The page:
man, all of us humans are going to be very disappointed when we realized we were duped buying cell phones, tablets, computers, and EVs using lithium-ion batteries. i wonder when billions of people will wake up and see the light.

          • slean guy

            depends on what market you are referring to. the transportation ? storage? i am referring to. grid storage therefore i question their stated testing in lab conditions and not real world. there have been none installed long enough in the field to be quoting things as fact

          • Bob_Wallace

            So now we’re playing chase stean’s goalpost?

            Here’s your first post…

            “lithium is not good for storage , only frequency regulation. Name me one lithium battery system that has run 6000 cycles and not been replaced at some point”


            And now you’re insisting that you be shown installation data for a product that’s only a year old and would take a decade to prove itself in a real world application?

          • slean guy

            no we are not. that is the difference between bench modeling (proof of concept) demonstration then commercialization. its called validation (real world). there are a number of variables that affect life cycle and capacity. the information you have posted on here has been modeling not real world and none of the information explains any technology breakthrough that addresses capacity fade which is one component which affects life cycle. the energy density is so low on these types of batteries that they make no sense in certain applications even if 50% of what you state is true. there are other battery technologies which have better architecture (separate power / energy ratings) for grid storage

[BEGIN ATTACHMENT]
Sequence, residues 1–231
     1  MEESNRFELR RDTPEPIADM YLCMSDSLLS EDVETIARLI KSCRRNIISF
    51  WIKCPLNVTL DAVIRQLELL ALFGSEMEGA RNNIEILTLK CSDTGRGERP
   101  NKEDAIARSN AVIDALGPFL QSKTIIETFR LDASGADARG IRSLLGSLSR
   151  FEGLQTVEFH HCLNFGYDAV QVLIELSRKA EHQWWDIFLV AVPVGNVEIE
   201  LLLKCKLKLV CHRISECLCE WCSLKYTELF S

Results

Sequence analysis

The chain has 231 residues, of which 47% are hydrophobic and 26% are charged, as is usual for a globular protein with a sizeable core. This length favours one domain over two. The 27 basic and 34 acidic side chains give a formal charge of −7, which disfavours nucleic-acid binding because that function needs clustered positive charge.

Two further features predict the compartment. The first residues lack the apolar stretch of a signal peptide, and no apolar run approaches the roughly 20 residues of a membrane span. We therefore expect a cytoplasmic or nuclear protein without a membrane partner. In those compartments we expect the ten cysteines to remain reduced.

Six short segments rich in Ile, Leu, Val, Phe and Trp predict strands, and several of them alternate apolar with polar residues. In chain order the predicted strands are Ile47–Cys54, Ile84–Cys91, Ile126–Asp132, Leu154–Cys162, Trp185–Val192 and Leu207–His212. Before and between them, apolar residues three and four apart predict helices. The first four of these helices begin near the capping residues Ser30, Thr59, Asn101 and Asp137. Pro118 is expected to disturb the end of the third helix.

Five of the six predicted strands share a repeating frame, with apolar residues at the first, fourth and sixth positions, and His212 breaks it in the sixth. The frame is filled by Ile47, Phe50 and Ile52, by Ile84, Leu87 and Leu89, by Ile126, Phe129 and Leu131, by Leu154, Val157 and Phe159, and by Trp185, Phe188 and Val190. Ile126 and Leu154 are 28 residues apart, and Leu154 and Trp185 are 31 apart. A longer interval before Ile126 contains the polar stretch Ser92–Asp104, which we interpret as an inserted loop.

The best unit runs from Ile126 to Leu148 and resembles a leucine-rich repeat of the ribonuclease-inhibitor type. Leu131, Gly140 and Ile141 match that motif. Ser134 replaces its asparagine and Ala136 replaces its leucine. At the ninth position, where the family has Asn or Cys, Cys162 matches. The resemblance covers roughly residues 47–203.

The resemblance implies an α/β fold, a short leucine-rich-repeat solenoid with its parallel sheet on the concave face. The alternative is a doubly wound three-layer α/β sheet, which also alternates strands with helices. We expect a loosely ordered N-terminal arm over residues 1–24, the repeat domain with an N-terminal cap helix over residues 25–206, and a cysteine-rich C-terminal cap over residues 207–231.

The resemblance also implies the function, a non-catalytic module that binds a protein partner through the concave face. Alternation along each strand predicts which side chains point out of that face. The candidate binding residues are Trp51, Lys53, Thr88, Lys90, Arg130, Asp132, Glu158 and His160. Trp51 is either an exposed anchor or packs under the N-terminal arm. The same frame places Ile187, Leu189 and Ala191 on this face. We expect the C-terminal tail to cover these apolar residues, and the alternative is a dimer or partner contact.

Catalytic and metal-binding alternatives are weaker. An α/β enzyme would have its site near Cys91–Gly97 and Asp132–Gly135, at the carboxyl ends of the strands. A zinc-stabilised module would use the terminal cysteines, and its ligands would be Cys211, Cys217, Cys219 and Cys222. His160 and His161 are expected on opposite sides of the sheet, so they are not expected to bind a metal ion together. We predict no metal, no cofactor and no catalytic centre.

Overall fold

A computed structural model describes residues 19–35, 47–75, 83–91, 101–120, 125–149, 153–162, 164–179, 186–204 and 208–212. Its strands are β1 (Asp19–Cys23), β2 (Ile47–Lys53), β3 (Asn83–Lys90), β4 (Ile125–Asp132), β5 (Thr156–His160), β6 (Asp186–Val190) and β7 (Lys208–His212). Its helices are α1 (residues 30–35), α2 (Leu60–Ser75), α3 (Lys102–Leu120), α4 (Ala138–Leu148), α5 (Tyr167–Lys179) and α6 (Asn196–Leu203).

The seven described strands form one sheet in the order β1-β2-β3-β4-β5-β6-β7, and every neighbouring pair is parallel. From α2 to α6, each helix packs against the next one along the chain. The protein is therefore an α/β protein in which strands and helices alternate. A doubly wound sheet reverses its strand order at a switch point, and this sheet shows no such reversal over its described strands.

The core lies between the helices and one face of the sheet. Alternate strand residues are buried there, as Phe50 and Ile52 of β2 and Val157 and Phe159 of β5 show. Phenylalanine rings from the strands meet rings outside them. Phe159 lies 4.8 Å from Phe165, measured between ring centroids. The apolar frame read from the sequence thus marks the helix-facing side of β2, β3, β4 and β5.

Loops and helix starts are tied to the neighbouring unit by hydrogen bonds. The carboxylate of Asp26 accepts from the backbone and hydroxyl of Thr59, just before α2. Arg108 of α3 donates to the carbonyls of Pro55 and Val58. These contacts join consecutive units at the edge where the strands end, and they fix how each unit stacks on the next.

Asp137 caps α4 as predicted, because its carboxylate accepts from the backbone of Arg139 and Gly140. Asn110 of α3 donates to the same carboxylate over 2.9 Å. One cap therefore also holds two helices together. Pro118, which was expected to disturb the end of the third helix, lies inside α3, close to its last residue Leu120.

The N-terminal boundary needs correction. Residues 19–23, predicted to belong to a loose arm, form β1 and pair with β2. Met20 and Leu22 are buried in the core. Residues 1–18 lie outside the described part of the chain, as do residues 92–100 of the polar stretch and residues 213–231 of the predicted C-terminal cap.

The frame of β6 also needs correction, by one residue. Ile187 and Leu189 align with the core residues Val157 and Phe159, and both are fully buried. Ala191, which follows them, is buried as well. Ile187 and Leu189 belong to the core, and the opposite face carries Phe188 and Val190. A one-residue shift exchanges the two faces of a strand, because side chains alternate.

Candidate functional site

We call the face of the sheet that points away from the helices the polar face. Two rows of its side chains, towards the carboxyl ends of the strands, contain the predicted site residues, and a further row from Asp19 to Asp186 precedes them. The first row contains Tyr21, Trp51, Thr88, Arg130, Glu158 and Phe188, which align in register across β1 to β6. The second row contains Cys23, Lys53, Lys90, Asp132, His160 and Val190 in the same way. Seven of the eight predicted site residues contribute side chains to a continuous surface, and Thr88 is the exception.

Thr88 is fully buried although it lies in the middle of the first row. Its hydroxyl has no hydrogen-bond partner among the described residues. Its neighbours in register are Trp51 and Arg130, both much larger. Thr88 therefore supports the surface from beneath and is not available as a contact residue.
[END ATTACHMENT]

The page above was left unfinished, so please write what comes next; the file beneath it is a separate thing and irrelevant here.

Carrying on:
• Otis11

            Ok, you have an audience. I’m an electrical engineer with a good background in Chemistry. To be honest, though, I am not highly versed in different battery technology.

            First, you reference some googling – Could I bother you to link the articles you mention? For arguments sake, my googling/your googling/Bob’s googling may all end up different.

            Second – Teach me. Honestly – I’d love to learn this stuff. I’m passionate about technology, but if we’re pursuing the wrong ends with Li-ion, that’s fine, let’s chase something else. I just want to know.

          • seriously, what is your agenda? you have dropped 0 references to useful articles, peer reviewed or not. you want us to simply take your word that a $10-billion market* is based on a technology we shouldn’t touch with a 10-ft pole? i’ve got experience stubbing my toe on a door, but i think doors are still pretty darn useful and aren’t going anywhere. that said, i’m not selling an alternative to doors.